Iwo Jima veteran to speak at Marine banquet Saturday

Hershel Woodrow “Woody” Williams of Ona, West Virginia’s only living Medal of Honor recipient and the last surviving MOH recipient from the Battle of Iwo Jima, will be the guest speaker during the Marine Corps League Department of West Virginia State Convention Grand Banquet beginning at 7 p.m. May 3.

The convention will be held May 2-3 at American Legion Post 29 and hosted by the MCL’s Leland D. “Crow” Crawford Detachment 956 of Elkins. Tickets for the banquet are $20 and will be available at the door or in advance by calling 304-636-4365.

Williams was born on Oct. 2, 1923, in Quiet Dell and grew up on a dairy farm. He worked a series of odd jobs in the area, including as a truck driver for W.S. Harr Construction Company of Fairmont and as a taxi driver. After being turned away once from the U.S. military for being too short, he successfully enlisted in the Marine Corps Reserve in Charleston on May 26, 1943.

Williams received his recruit training at the Marine Corps Recruit Depot in San Diego, Calif. Upon completion, he was sent to the Camp Elliott training center in San Diego, where he joined the tank training battalion on Aug. 21, 1943. The following month he was transferred to the training center’s infantry battalion for instruction as a demolition man and in the use of flamethrowers.

Williams joined the 32nd Replacement Battalion on Oct. 30, 1943, and left for New Caledonia in the southwest Pacific on Dec. 3, 1943, aboard the M.S. Weltey Reden. In January 1944, he joined the 3rd Marine Division at Guadalcanal. He was attached to the 1st Battalion, 21st Marines, first to Company C and then to Headquarters Company.

During July and August 1944, he participated in action against the Japanese at Guam, and in October he rejoined Company C.

His next campaign was at Iwo Jima where he made a landing on Feb. 21, 1945, Williams, by then a corporal, distinguished himself two days later when American tanks, trying to open a lane for infantry, encountered a network of reinforced concrete pillboxes, buried mines, and black volcanic sands. Williams went forward alone with his 70-pound (32 kg) flamethrower to attempt the reduction of devastating machine gun fire from the unyielding positions.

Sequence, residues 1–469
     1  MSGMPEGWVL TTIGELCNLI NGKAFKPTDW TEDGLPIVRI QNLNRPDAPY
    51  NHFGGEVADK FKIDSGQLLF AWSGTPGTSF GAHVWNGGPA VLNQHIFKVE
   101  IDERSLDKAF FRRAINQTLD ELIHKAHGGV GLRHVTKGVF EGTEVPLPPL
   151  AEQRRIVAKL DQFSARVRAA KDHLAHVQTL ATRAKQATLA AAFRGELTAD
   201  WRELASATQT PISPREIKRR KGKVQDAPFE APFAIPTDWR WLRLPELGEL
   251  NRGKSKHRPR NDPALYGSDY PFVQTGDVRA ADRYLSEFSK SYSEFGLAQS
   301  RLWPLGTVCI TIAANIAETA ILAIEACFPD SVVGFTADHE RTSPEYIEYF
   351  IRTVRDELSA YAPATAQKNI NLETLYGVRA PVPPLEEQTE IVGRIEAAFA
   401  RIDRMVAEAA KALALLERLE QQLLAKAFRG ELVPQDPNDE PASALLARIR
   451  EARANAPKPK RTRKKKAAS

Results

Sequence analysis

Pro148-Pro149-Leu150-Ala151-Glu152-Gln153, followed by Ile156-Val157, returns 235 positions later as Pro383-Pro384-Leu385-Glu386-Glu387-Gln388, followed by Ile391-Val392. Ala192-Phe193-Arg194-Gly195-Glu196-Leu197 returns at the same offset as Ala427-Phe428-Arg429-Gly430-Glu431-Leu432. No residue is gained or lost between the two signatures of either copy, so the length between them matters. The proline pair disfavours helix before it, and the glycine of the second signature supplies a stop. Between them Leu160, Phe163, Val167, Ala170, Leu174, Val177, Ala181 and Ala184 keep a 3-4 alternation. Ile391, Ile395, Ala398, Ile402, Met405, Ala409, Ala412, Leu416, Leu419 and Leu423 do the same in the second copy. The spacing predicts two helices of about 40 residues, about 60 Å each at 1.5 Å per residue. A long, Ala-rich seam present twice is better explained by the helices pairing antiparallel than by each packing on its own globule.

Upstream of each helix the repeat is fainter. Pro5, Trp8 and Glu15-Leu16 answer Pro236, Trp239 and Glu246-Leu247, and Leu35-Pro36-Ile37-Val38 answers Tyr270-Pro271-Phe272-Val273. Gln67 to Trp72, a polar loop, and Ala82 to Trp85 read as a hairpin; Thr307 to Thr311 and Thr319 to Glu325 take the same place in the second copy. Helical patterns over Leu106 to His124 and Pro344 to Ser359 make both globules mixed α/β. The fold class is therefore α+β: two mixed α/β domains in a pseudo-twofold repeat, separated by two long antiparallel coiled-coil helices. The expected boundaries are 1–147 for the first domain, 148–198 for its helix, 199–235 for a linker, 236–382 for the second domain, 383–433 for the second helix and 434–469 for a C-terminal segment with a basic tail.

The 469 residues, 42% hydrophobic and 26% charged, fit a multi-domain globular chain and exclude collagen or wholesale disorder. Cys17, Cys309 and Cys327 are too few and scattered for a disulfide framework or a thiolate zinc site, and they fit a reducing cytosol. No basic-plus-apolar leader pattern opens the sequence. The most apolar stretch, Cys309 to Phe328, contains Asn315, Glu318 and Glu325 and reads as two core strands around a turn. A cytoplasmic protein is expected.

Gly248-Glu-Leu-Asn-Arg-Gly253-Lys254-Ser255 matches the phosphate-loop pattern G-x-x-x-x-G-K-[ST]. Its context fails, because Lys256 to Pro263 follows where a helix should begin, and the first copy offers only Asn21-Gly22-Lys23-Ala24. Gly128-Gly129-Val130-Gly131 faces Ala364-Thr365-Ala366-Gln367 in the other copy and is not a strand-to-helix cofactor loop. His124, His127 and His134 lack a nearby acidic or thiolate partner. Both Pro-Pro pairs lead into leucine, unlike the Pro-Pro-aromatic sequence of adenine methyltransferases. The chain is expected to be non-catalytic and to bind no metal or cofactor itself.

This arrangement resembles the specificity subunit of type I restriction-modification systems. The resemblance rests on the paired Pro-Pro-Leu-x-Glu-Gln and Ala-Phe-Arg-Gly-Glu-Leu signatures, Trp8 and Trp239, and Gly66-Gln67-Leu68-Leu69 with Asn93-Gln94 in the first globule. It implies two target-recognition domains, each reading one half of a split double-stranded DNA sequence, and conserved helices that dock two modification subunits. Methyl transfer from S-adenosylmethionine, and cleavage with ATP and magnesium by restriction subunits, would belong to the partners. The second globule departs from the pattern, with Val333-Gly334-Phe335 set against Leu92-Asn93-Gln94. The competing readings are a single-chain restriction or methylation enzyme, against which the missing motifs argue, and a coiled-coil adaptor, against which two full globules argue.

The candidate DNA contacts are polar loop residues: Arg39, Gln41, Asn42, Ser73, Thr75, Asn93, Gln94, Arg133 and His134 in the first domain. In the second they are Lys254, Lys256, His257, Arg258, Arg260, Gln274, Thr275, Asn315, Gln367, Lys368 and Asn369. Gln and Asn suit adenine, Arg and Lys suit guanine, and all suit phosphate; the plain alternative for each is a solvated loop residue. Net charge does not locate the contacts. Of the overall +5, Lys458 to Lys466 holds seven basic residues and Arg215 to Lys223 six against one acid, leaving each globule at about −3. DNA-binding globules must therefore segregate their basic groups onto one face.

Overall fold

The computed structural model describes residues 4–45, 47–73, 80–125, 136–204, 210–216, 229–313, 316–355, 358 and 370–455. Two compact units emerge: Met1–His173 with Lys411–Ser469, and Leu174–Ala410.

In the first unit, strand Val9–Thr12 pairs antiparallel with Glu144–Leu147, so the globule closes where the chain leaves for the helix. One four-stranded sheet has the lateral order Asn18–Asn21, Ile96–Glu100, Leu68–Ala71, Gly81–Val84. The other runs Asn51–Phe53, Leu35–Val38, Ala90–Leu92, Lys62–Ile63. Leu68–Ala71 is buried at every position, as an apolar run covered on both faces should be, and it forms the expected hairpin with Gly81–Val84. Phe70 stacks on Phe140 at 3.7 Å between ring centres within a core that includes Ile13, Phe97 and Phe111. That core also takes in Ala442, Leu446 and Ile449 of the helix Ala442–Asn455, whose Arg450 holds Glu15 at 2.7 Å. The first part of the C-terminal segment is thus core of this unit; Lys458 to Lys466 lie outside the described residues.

Covered by only four riflemen, he fought for four hours under terrific enemy small-arms fire and repeatedly returned to his own lines to prepare demolition charges and obtain serviced flame throwers. He returned to the front, frequently to wipe out one position after another. On another occasion, he charged enemy riflemen who attempted to stop him with bayonets and destroyed them with a burst of flame from his weapon. He was wounded March 6, 1945, on Iwo Jima.

In September 1945, he returned to the United States, was presented the Medal of Honor by President Harry S. Truman on Oct. 5, 1945, at the White House. On Oct. 22, 1945, he was transferred to the Marine Barracks, Naval Training Center, Bainbridge, Md., and discharged from the Marine Corps Reserve on Nov. 6, 1945. In March 1948, he reenlisted in the inactive Marine Corps Reserve, but was again discharged on Aug. 4, 1949.

On Oct. 20, 1954, he joined the Organized Marine Reserve when the 98th Special Infantry Company was authorized by Marine Corps Headquarters, Clarksburg. He transferred to the 25th Infantry Company in Huntington on June 9, 1957. He later became the (Interim) Commanding Officer of that unit as a warrant officer on June 6, 1960. He was designated the Mobilization Officer for the 25th Infantry Company and surrounding Huntington area on June 11, 1963. He was advanced through the warrant officer ranks during his time in the Reserves until reaching his final rank of Chief Warrant Officer 4 (CWO-4).

Williams retired after 33 years of service with the U.S. Department of Veterans Affairs and as the first Commandant of West Virginia’s first veterans’ home located in Barboursville. Williams is a Past Department Commandant, Marine Corps League, Department of West Virginia and also the Marine Corps League, Department of West Virginia Marine of the Year recipient and also received the West Virginia Distinguished Service Medal, Vietnam Service Medal and the Daughters of the American Revolution Medal of Honor. In 2005 Williams was selected as Chaplain Emeritus after serving 35 years as Chaplain of United States Medal of Honor Society. He is a member of MCL Huntington Detachment 340.

The West Virginia National Guard’s new center in Fairmont was dedicated as the Hershel “Woody” Williams Armed Forces Reserve Center in October 2012. A bridge in Barboursville and an athletic field and Veterans Memorial Field House in Huntington also bear Williams’ name. Williams is also listed in Huntington’s “Wall of Fame.” The MCL Department of West Virginia’s Hershel “Woody” Williams Scholarship Foundation is named in his honor.

In addition, Williams also operated a horse training and show barn for 30 years and has been active in his church and veterans affairs. Williams continues to serve his country as he travels the country to churches, schools, civic and veterans’ groups making 70 to 80 public appearances a year as a motivational speaker about our nation’s patriotism and history.

Williams and his wife, the late Ruby Meredith Williams, were married 62 years and have two daughters, Travie Jane and Tracie Jean; five grandsons, including Brent, who served in Operation Desert Storm; and two great-grandsons.